Crying on Cue by Deb Anna

Wonderful actors supposedly struggle with the skill — supposedly, even Sir Lawrence Olivier couldn’t do it. So why I — a writer not particularly prone to tears who isn’t nearly masochistic enough to have ever wanted to be an actress — can make myself cry is beyond me.

I’m not exactly sure when I discovered that I had this talent. It wasn’t when I wanted a better grade, got pulled over for a ticket or needed to make sure a guy didn’t break up with me right then. The skill is, in fact, utterly useless in those types of situations because it takes a good five minutes of full concentration — minutes that simply don’t exist when, say, you’re watching the cop walk from his car up to yours.

I’ve really only used it as a party trick. And oh, what a party — watch Anna cry! It actually goes over amazingly well with children, especially the already cynical ones who’ve seen all the standard adult tricks (ear wiggling, double jointed finger moving, juggling, etc.) and are hungry for some original ones. “Are you thinking about something very sad?” they always ask, their fascinated faces peering closely at mine and waiting to see when the liquid will start pouring.

The truth is, I don’t think of anything sad. I don’t think of anything at all — beyond the fact that I’m trying to push tears out of my eyes. I’ve told many — usually the ever-inquisitive children — that you simply push the tears out of your eyes using the same muscle that you use to yawn. Start to yawn, and then push tears instead, I always say, unable to explain it any better than that. They yawn and then look at me like I must be leaving something out.

But I’m not. That’s what I do. Maybe I magically accessed the tear-generating muscle somewhere near my esophagus one day and then, through exercise and practice, made it something I can now use easily. Maybe I was meant to have gotten better at it before those times I got pulled over so I really could have gotten out of those tickets. Maybe the writing thing won’t work out and I’ll decide to pursue acting.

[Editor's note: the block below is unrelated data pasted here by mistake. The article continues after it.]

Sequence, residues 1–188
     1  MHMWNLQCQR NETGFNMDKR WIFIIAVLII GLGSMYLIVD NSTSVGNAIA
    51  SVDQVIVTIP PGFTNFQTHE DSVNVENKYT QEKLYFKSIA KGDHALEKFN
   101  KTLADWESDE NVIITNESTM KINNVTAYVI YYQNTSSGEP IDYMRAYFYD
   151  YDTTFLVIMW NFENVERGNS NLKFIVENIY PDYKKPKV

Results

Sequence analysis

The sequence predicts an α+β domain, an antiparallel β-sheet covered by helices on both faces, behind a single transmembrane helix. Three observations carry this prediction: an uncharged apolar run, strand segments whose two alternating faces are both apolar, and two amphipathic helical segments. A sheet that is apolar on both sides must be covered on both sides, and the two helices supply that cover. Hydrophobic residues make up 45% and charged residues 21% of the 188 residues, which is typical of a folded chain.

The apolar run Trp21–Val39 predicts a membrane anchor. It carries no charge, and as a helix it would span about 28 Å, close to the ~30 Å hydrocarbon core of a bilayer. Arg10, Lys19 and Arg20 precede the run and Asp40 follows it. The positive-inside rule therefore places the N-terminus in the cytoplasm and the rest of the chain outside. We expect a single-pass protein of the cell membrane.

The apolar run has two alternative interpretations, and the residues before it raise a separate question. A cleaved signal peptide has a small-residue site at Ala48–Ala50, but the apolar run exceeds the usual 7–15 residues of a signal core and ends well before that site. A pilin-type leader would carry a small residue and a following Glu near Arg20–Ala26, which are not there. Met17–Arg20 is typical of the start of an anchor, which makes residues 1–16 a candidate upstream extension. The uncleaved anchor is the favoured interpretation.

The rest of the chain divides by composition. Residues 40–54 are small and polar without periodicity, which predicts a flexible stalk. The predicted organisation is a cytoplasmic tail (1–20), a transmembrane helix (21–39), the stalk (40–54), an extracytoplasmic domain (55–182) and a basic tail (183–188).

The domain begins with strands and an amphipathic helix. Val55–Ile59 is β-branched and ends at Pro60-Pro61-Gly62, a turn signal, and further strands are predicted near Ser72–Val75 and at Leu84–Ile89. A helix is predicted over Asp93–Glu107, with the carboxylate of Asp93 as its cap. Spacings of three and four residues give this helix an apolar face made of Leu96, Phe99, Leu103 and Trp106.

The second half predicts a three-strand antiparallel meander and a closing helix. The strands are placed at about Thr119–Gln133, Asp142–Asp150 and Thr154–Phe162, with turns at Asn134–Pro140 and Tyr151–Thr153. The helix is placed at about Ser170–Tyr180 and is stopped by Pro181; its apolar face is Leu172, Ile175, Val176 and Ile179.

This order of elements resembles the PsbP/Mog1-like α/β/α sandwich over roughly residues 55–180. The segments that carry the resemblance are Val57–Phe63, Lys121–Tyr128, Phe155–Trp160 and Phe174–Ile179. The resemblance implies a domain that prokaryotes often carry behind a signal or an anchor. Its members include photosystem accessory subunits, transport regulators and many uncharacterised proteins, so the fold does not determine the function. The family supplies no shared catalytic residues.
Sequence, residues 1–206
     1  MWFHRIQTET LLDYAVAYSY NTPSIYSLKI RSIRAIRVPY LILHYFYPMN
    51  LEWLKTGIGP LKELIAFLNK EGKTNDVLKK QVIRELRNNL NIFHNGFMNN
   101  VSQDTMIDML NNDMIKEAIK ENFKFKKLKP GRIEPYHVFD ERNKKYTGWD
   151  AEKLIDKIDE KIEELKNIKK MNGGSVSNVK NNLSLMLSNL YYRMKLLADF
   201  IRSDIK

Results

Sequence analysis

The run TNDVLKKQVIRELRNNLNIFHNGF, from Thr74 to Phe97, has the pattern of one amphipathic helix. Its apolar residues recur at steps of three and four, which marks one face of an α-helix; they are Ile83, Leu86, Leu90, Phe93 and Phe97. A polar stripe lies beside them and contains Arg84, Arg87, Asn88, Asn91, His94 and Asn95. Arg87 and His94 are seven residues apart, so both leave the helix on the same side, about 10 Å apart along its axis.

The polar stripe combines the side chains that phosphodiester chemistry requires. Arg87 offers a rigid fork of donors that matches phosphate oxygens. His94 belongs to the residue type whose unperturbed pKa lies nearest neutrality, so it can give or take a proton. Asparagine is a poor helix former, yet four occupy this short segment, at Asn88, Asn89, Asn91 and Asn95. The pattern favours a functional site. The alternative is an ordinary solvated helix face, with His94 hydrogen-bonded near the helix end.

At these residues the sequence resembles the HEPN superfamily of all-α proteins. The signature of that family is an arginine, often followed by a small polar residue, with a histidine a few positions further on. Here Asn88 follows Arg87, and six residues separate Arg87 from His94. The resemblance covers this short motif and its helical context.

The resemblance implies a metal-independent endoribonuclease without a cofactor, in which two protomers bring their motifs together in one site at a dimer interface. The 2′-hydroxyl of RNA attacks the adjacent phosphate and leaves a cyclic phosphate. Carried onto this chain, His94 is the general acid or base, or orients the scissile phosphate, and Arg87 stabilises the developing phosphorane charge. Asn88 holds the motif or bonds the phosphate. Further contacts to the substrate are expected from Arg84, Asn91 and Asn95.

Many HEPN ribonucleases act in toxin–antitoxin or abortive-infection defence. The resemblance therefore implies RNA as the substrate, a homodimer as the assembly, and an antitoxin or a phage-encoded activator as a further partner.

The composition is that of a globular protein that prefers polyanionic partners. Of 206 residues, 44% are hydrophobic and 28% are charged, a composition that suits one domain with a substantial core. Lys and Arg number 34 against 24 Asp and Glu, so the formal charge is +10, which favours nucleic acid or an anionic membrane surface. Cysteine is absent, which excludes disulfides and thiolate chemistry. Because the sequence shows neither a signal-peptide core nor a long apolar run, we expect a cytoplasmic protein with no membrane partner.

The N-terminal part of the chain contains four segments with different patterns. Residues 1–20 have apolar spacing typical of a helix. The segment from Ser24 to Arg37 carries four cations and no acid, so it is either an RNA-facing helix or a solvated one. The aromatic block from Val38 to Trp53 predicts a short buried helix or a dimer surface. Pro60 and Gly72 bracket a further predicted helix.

Although just the mere thought of that is enough to unleash the real waterworks.

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8 thoughts on “Crying on Cue by Deb Anna

  1. Hmm, Anna, is it possible that — rather than going into acting — you open up a workshop to teach aspiring/established actors this talent? Since so many complain about not being able to cry on cue, sharing your technique with them might have you crying all the way to the bank. 🙂

  2. Ha, Anna, this is great! I was able to do this when I was a child. My mother would use it as a party trick for her friends, you know, like, “Kristy, come here. Okay, now cry!” 😀 I don’t know when I lost the ability, but I love that you can still do it. Surely it will come in handy at some point!

  3. Crying on command – I had no idea there were muscles that did that. Have been trying but to no avail. Hey, maybe you could star in your own movie when your book is optioned and put into production … does the Party Girl shed a tear or two?

  4. Push the tears out through your yawning muscle? Wow. You know, I think that’s the same muscle that I wiggle my ears with. Sadly, I’m not even kidding.

  5. What’s crazy, Tish, is that you’re right! It IS the same muscle. Crying on cue is like the graduate school of ear wiggling. I know you could get there…

  6. I’ve always admired people who could cry on a whim, all those actors who can summon them at will. I’m just not that talented. I tried pushing the tears out through my yawn muscle, and I can see the merits of the technique. Tears almost DID come to my eyes. I’ll keep working on it–maybe three reps twice each day, increasing frequency as I get stronger. A girl can never have too many manipulative tactics in her arsenal.

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